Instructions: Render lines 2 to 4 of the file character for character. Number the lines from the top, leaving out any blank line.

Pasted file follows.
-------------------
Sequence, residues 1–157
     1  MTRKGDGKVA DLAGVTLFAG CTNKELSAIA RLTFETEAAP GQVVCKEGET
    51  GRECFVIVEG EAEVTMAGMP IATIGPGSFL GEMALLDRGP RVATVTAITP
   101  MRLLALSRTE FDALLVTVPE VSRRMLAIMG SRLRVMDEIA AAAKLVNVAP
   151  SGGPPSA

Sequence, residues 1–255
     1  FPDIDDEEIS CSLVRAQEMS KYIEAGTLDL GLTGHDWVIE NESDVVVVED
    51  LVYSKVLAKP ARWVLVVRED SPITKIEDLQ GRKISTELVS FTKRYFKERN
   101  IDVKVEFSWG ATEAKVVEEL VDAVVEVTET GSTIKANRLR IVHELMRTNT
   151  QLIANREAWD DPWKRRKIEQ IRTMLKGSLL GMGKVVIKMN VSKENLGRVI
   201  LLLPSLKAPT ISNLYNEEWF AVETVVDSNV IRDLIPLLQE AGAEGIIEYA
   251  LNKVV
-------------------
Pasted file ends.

     1  MTRKGDGKVA DLAGVTLFAG CTNKELSAIA RLTFETEAAP GQVVCKEGET
    51  GRECFVIVEG EAEVTMAGMP IATIGPGSFL GEMALLDRGP RVATVTAITP
   101  MRLLALSRTE FDALLVTVPE VSRRMLAIMG SRLRVMDEIA AAAKLVNVAP